“Hold My Hand” has an emotional story attached to it. It is about his mother's final days. The opening is mournful, but the piece develops into a very Celtic-sounding track suggesting the reminiscing of happy moments that will never be forgotten. Eamonn explains to the reader, "In October 2013, after taking ill, my mother suddenly passed away and this had a huge impact on what I was producing. This has been a dark time for us all and that is reflected in quite a few of my tracks on this album. I didn't intentionally mean for these tracks to seem dark or even depressing but as I don't read music everything I produce is affected by my emotions at that time. I hear certain phrases being spoken and this will stick with me as I compose, hence "Hold My Hand". This was something my mother said to my wife as she lay seriously ill in hospital, and was a very emotional moment for both my wife and myself as this was just before she was operated on and never recovered." Clearly written with his dear mother at the forefront of his mind, it is worthy of note that having listened to the album several times and with no knowledge of the origins of the tracks, this is also my own mother's favourite piece, and she feels a certain 'connection' with it. I am quite sure that Eamonn's late mother will be smiling with approval, as the beauty of this track is beyond words I can create.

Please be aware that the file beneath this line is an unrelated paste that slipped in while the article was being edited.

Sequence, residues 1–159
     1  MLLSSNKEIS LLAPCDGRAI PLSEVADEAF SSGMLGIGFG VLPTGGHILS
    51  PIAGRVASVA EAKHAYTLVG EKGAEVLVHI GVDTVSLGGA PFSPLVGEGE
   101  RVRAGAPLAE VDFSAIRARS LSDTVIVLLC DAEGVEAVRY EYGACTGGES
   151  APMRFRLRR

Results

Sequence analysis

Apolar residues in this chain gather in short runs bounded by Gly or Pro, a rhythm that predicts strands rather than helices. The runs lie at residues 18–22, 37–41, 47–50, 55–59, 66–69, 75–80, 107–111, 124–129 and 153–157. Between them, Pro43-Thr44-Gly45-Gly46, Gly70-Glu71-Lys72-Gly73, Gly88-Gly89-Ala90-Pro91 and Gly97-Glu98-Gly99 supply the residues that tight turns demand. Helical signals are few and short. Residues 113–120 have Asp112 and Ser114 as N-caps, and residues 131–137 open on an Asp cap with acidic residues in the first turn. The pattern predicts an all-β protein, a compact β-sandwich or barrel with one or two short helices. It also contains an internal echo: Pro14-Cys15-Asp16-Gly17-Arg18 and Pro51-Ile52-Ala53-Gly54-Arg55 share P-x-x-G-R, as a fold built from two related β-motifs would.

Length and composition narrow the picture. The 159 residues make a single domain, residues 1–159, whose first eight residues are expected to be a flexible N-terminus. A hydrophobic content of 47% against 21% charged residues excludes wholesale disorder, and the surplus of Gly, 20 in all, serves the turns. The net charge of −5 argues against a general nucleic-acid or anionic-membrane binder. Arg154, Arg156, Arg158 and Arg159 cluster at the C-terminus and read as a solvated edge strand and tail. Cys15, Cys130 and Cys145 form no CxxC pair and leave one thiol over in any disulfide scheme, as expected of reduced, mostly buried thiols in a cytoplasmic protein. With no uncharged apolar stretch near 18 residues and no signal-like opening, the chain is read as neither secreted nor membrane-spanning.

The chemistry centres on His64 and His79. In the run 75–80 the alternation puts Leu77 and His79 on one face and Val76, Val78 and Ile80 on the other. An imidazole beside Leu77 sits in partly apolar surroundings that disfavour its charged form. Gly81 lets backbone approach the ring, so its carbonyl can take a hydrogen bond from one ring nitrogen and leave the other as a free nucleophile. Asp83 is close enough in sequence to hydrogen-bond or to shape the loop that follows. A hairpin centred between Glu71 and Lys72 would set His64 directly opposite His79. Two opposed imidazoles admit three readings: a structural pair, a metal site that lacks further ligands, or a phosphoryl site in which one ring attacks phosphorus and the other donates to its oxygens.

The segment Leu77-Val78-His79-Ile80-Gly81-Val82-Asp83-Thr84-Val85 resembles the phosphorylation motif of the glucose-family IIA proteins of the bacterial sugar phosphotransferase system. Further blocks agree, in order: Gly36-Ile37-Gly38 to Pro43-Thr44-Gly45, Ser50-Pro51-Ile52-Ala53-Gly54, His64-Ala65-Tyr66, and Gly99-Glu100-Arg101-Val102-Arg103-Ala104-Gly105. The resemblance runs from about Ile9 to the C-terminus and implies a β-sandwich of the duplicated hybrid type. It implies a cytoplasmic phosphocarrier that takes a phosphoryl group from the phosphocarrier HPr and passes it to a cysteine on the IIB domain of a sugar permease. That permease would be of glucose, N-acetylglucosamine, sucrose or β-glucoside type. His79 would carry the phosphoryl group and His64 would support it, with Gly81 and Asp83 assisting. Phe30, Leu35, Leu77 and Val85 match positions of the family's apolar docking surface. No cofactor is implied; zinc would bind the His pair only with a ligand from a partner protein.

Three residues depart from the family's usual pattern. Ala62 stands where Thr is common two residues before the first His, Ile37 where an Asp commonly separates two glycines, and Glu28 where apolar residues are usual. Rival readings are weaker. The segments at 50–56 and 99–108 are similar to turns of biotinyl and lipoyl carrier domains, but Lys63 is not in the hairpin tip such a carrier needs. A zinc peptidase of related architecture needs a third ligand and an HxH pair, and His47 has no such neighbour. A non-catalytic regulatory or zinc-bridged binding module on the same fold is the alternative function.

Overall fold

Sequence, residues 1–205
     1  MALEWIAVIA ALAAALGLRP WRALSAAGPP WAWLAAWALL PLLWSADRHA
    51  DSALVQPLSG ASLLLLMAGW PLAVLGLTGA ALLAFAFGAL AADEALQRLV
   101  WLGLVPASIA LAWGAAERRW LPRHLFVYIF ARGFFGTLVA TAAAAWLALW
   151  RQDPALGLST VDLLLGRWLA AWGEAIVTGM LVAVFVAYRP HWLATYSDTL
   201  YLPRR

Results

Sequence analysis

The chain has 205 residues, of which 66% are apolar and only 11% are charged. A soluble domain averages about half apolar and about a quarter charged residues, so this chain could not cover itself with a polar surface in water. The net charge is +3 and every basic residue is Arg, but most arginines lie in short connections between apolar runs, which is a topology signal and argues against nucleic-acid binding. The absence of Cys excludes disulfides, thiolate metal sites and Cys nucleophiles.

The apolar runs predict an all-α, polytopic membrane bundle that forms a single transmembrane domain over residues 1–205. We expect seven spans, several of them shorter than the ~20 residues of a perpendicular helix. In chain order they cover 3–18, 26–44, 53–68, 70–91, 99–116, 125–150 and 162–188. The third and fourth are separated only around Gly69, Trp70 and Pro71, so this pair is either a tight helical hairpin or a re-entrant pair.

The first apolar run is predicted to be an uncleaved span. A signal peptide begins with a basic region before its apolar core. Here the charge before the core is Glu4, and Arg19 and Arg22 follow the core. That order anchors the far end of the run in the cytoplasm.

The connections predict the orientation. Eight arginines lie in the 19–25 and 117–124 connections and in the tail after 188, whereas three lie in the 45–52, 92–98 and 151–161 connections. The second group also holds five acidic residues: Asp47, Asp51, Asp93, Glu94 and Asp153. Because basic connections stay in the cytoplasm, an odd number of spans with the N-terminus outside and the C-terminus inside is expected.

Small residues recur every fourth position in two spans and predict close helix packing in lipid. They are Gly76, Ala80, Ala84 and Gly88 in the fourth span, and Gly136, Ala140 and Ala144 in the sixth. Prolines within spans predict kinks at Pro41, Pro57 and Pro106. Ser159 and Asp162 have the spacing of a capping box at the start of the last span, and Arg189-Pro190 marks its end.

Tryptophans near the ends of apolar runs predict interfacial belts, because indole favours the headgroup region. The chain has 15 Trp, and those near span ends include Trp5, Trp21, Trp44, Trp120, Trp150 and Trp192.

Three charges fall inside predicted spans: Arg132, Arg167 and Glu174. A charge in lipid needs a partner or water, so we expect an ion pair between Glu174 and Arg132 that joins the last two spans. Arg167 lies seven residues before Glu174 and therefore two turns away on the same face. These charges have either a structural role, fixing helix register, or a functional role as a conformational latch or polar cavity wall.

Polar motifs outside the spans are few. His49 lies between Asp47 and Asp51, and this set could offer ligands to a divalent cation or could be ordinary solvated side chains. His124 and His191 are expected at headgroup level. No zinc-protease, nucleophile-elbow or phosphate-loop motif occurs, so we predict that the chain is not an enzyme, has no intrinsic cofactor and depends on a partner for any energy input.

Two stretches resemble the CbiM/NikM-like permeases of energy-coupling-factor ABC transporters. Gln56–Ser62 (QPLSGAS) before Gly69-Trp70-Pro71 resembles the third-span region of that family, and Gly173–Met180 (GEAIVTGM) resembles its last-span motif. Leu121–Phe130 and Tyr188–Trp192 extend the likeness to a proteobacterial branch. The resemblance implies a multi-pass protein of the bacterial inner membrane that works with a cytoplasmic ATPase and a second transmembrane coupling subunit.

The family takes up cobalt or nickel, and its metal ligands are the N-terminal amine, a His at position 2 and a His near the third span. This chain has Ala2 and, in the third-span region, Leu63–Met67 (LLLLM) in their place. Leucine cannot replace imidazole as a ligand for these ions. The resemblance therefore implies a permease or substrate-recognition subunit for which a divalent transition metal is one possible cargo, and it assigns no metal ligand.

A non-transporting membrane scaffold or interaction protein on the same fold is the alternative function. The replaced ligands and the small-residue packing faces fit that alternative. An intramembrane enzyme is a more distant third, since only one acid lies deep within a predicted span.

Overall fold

“The Last Dance” is also influenced by the above events. A tender, slow opening opens like a delicate flower to reveal another sublime composition — always gentle and loving. This is a very reflective piece, and one cannot help but be moved by it.

“An Grianan”, as the Real Music notes on the cover state, sees the tempo and spirit liven as uilleann pipes, drums and synthesizer embellish the piece. This is certainly one on its own on this album. Quite avant-garde in fact! This is Eamonn at his most playful and creative. I suspect he had a lot of fun during the composition process for this piece. It is another track which showcases his love of things shrouded in mystery. "An Grianan” or Grianan of Aileach to give it it’s proper title is a mysterious ring fort close to where I live. It has been linked to Irish Clans and Druids throughout history. I always enjoy travelling there as the views are spectacular and its past is literally shouting from the stones. I have been intrigued by its history since I was a child and hope someday to be able to perform live in its grounds as it would make an incredible backdrop for a concert!" Consider the boat-trip across the Irish Sea booked, Eamonn, if this becomes reality.

My second favourite piece is “As the Foyle Gently Flows”. The word ‘exquisite’ immediately springs to mind, and this is sure to become a very popular choice with listeners. It is such a melodic piece, and a joy to listen to from start to finish. The unobtrusive guitar complements the piano perfectly. The track captures the beauty of the landmark it symbolically represents. In the words of Eamonn, “This track is named after the river that flows though my home town Derry City and beyond. It's an incredibly scenic river that I have been exploring since childhood. It's a beautiful place to spend time with my family and explore nature at its best.”